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Boiling point

Temperature at which the pressure exerted by the surroundings upon a liquid is equalled by the pressure exerted by the vapour of the liquid; under this condition, addition of heat results in the transformation of the liquid into its vapour without raising the temperature.

At any temperature a liquid partly vaporizes into the space above it until the pressure exerted by the vapour reaches a characteristic value called the vapour pressure of the liquid at that temperature. As the temperature is increased, the vapour pressure increases; at the boiling point, bubbles of vapour form within the liquid and rise to the surface. The boiling point of a liquid varies according to the applied pressure; the Normal boiling point is the temperature at which the vapour pressure is equal to the standard sea-level atmospheric pressure (101.325 kPa (1 atm, 760 mmHg, 760 Torr, 14.7 psia, 29.92 inches of Hg). At sea level, water boils at 100? C (212? F). At higher altitudes the temperature of the boiling point is lower.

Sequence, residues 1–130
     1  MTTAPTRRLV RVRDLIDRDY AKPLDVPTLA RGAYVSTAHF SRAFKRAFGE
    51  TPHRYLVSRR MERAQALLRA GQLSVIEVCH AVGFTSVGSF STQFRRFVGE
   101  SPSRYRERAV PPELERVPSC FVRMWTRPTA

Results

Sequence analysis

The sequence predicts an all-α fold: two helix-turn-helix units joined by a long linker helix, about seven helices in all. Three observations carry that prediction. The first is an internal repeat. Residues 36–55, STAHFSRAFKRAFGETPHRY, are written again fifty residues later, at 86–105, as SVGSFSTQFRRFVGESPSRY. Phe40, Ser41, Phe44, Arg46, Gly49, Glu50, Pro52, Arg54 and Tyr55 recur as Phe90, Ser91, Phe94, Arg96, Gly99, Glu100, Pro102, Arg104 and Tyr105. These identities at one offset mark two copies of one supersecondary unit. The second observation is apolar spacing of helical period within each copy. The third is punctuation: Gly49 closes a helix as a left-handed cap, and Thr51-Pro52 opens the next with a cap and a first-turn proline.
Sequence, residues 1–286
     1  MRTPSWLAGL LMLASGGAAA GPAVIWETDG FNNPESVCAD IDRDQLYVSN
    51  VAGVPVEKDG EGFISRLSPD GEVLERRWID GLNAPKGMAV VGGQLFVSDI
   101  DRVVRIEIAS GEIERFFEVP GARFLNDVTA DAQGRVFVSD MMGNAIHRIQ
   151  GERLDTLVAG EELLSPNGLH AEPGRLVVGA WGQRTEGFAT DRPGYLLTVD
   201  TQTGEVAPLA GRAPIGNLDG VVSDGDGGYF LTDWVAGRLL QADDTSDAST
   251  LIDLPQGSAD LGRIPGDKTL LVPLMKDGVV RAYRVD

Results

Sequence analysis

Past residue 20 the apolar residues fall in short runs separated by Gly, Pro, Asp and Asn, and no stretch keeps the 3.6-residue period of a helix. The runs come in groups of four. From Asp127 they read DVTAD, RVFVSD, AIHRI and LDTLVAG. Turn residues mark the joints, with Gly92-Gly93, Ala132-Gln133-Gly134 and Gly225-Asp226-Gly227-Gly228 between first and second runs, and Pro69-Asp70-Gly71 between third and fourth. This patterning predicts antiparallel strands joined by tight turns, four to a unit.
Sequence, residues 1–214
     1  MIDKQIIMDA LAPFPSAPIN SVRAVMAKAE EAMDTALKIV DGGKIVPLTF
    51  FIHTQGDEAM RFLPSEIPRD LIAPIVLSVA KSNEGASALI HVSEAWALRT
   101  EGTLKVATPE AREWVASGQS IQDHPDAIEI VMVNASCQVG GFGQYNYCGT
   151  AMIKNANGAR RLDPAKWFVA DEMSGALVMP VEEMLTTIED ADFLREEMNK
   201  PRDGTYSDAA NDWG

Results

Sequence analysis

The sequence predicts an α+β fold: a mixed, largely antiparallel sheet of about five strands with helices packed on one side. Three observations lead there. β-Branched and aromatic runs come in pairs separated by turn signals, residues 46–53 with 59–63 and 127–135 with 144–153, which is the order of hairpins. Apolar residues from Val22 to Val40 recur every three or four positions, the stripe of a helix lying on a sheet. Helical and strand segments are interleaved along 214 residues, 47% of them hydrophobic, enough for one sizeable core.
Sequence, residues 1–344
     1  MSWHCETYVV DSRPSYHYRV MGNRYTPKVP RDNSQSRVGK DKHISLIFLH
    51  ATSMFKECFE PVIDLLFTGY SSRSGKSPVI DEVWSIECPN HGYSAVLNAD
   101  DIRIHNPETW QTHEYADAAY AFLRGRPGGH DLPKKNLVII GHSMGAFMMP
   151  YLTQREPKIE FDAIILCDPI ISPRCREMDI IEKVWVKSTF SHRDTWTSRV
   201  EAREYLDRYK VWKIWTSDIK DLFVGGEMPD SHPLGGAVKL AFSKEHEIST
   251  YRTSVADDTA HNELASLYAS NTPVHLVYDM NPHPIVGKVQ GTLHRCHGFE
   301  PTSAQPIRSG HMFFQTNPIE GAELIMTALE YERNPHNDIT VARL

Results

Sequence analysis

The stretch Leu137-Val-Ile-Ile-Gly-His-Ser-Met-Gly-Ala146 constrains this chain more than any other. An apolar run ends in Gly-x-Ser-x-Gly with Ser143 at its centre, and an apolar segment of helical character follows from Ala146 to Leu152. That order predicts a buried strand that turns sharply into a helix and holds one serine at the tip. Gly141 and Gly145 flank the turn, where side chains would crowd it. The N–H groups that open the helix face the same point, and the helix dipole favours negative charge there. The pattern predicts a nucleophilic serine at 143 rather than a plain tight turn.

For methods of determination, see: Normal boiling point.

If the boiling temperature is not measured at normal atmospheric pressure, the temperature dependence of the vapour pressure can be described by the Clausius- Clapeyron equation:




p = the vapour pressure of the substance in pascals

ΔvH = its heat of vaporization in J?mol-l

R = the universal molar gas constant = 8.314 J?mol-l?K-l

T = thermodynamic temperature in K



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